Juniper berries on a branch
Juniper berries

Credit: Shutterstock

Capturing the UK’s oldest botanical garden in a bottle of gin

A collaboration between Oxford scientists and a distillery has produced a special gin called Physic Gin. Based on 25 ingredients found in the Oxford Botanic Garden, the history of this new spirit stretches back 400 years to the garden’s creation in 1621. With this week’s reopening of the Oxford Botanic Garden following months of closure during lockdown, it would seem there are several reasons to raise a glass.

Oxford Sparks’ caught up with Professor Simon Hiscock, Director of the Oxford Botanic Garden for their latest podcast. He tells Sparks how he came up with the idea for Physic Gin from the moment he started in his new role. He says: ‘I wanted to commission a gin because of the great botanicals we have here and the history of the garden.

The intention was for it to grow herbal, medicinal plants, that would then be used in the teaching of herbal medicine for the medical students of Oxford. Gin was also a medicine in its own right, created in the 17th century in Holland and Belgium, for the treatment of fever.

‘The garden was founded in 1621 by Henry Danvers, 1st Earl of Danby, but it wasn’t planted up until the 1640s. Jacob Bobart, the garden’s first director, was an excellent gardener and also ran The Greyhound Tavern just across the road from the Botanic Garden. He started planting the garden and by 1648 he had about 1600 plants here and he made a list – a Catalogus Plantarum – almost like a field notebook, and this little notebook is the inspiration for Physic Gin. Among those 1600 plants are many botanicals that we would use to flavour gin today and importantly juniper because juniper is the base fruit ingredient for flavouring the alcohol.’

The name Physic Gin derives from the fact that the garden was founded originally as a physic garden; a medicinal garden, as Simon explains: ‘The intention was for it to grow herbal, medicinal plants, that would then be used in the teaching of herbal medicine for the medical students of Oxford. Gin was also a medicine in its own right, created in the 17th century in Holland and Belgium, for the treatment of fever.’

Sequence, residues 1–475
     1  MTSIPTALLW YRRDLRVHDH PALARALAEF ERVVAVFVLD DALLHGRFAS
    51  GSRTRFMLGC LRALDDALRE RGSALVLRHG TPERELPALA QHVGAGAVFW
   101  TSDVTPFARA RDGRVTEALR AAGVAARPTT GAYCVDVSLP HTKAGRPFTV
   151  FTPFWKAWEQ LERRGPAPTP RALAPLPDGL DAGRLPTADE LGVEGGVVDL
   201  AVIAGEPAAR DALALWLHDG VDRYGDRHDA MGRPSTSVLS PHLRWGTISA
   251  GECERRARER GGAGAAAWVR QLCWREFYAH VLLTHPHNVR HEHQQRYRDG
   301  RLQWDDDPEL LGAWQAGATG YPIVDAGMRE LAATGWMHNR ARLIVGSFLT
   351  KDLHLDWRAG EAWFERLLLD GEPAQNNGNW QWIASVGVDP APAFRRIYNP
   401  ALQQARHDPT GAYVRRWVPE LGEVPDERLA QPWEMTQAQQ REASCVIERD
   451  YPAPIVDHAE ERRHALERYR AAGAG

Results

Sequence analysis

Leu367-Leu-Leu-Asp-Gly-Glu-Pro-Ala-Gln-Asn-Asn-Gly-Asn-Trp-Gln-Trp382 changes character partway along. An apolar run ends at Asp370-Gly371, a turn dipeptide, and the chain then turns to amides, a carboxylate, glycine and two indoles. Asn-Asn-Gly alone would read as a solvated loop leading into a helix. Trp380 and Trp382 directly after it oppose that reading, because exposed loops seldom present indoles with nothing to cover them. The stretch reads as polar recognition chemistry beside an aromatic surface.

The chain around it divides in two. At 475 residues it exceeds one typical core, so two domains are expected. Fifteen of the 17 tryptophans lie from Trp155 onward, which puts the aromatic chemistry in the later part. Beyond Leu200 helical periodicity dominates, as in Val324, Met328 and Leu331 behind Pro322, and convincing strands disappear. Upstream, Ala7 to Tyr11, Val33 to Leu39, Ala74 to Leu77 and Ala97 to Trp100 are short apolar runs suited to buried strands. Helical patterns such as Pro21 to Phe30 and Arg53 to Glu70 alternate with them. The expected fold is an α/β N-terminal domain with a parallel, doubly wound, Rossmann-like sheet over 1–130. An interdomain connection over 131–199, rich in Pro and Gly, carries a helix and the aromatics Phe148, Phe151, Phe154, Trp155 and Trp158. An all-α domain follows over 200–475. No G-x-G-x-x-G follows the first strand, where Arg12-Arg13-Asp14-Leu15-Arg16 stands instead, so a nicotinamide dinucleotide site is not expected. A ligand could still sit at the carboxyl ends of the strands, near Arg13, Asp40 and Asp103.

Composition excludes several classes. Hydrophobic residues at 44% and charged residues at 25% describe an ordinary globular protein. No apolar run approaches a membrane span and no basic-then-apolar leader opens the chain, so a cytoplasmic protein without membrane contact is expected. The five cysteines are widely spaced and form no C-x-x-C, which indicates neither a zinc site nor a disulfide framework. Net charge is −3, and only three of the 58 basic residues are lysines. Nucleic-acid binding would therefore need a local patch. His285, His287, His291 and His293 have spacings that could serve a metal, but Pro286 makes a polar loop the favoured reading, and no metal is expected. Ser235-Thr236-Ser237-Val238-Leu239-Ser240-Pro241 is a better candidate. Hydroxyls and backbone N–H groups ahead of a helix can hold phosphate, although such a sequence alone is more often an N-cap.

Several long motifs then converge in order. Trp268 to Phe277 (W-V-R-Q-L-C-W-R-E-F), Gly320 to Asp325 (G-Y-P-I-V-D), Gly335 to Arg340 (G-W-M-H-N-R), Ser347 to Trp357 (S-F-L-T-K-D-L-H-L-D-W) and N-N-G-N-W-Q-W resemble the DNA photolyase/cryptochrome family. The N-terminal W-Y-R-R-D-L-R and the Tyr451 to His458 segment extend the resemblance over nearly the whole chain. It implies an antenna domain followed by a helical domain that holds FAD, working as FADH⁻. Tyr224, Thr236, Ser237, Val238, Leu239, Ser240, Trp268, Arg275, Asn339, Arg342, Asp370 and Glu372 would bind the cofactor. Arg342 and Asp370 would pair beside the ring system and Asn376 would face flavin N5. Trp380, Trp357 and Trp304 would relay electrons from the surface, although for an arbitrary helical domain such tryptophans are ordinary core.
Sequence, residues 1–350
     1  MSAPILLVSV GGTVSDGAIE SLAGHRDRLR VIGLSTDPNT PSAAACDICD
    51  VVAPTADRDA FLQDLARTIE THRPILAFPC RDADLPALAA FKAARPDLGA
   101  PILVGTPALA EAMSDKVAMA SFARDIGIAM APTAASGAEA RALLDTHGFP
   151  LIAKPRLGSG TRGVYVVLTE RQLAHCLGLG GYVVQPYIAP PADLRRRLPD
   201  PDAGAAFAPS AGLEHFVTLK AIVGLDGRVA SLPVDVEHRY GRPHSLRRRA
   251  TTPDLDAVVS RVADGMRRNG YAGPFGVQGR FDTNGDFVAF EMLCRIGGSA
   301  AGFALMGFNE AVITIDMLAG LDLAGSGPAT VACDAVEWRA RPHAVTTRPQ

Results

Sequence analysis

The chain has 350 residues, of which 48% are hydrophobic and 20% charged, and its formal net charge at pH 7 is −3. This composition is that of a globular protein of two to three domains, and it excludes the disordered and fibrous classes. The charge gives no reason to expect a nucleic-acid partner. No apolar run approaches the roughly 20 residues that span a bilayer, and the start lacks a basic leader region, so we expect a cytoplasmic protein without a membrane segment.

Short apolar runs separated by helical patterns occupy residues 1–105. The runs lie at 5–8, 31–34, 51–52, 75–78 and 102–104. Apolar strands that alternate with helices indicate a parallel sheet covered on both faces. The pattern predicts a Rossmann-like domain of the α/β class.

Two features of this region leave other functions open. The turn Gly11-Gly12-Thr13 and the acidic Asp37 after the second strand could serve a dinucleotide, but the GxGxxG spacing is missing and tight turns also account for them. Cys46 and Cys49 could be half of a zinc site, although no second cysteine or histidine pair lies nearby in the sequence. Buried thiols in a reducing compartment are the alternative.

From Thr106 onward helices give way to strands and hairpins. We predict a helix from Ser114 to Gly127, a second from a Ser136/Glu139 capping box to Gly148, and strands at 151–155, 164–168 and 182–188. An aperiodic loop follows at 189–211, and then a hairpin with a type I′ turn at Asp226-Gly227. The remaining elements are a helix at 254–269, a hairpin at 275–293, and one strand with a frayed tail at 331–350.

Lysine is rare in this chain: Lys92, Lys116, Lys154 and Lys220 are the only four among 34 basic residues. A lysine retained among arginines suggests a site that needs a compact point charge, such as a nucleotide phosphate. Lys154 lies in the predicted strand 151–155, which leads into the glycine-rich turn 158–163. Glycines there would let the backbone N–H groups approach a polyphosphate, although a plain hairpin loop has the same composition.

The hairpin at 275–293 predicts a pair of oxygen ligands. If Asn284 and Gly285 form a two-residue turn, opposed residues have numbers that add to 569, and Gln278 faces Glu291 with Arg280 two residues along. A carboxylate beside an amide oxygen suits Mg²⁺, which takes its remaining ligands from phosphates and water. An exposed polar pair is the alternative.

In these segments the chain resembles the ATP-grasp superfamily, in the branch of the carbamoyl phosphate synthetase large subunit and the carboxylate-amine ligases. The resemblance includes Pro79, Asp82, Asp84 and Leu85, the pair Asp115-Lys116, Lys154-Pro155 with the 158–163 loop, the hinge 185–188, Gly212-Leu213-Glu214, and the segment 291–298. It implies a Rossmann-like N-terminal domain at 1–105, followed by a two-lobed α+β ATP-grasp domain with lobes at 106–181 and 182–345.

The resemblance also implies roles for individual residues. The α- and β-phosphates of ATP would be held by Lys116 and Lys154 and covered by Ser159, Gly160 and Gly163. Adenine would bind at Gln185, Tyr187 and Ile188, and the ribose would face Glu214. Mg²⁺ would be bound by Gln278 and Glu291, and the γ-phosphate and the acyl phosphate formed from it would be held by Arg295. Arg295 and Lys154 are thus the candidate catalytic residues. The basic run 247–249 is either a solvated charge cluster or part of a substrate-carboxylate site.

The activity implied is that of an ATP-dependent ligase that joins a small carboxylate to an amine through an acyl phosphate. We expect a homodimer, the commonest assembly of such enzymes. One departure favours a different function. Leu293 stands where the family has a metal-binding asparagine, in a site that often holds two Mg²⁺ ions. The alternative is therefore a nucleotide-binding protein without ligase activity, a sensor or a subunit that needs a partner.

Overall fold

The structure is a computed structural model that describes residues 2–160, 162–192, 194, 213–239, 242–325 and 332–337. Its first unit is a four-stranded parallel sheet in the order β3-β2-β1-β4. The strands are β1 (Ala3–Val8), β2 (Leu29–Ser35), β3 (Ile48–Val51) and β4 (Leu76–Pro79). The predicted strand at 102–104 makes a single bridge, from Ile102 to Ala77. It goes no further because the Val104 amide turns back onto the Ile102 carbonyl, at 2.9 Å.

After chatting to his local pub landlord about the idea, Simon was put in touch with The Oxford Artisan Distillery, and the collaborative mixing of spirits and minds began.

Dried chamomile flowersDried chamomile flowers
Francisco Rosa, one of the distillers at The Oxford Artisan Distillery, working in an old, converted outbuilding stocked with jars of ingredients from coriander seeds to Columbian orange peel, explains about the process of making a spirit: ‘Producing alcohol is about 50% science and 50% art; distilling is also a lot about cooking – coming up with recipes that are pleasant.’

The team of scientists and distillers worked closely together on the recipe for two months to ensure that that the history of the garden went into the bottle with the optimum flavour preserved.

Francisco says: ‘We are always playing. We use spices, fruits, flowers and fresh herbs. There’s a base distillation and some of the botanicals need to be distilled separately.’

Incredibly, 25 botanicals have gone into the Physic Gin. They have an almost poetic sound when read aloud: ‘Juniper, coriander seed, angelica root, lemon peel, liquorish root, angelica seed, Japanese bitter orange peel, Grapefruit peel, key lime peel, sweet fennel seed, almonds, poppy seed, wild hops, chamomile flower, wormwood, artichoke leaf and bayleaf...’

Black pine in Botanic Gardens before it was taken downBlack pine in Oxford Botanic Garden
Just hearing that list sounds enticing enough, but if gin’s not your spirit, don’t worry, the team is currently working together on a new special whiskey to celebrate the Botanic Garden’s 400th anniversary: Black Pine Whiskey. It is being designed to commemorate the famous Black Pine that was loved by J.R.R. Tolkein and grew in the Botanic Garden until it tragically blew down a few years ago. Simon says: ‘Legend has it that this tree with the strange bark that in certain light would give the impression of faces and forms was Tolkein’s inspiration for the Ent People and Treebeard in Lord of the Rings.’

As we start to emerge from lockdown, it’s now possible to start to explore the sources of these inspirations in person as The Oxford Botanic Garden reopens on 22 June, and for those in need of a medicinal tonic, Physic Gin is available to order now.

Listen to ‘Why is Oxford’s Botanic Garden Making Gin?’ on Oxford Sparks.

Find out more about Physic Gin from The Oxford Artisan Distillery.

The Oxford Botanic Garden is now open to visitors. Find out more and book a ticket.

Hear how medicinal plants found in Oxford Botanic Gardens today featured as cures in The Anatomy of Melancholy, published in Oxford the same year that the garden was created.

Discover more episodes of the Oxford Sparks ‘Big Questions’ podcast.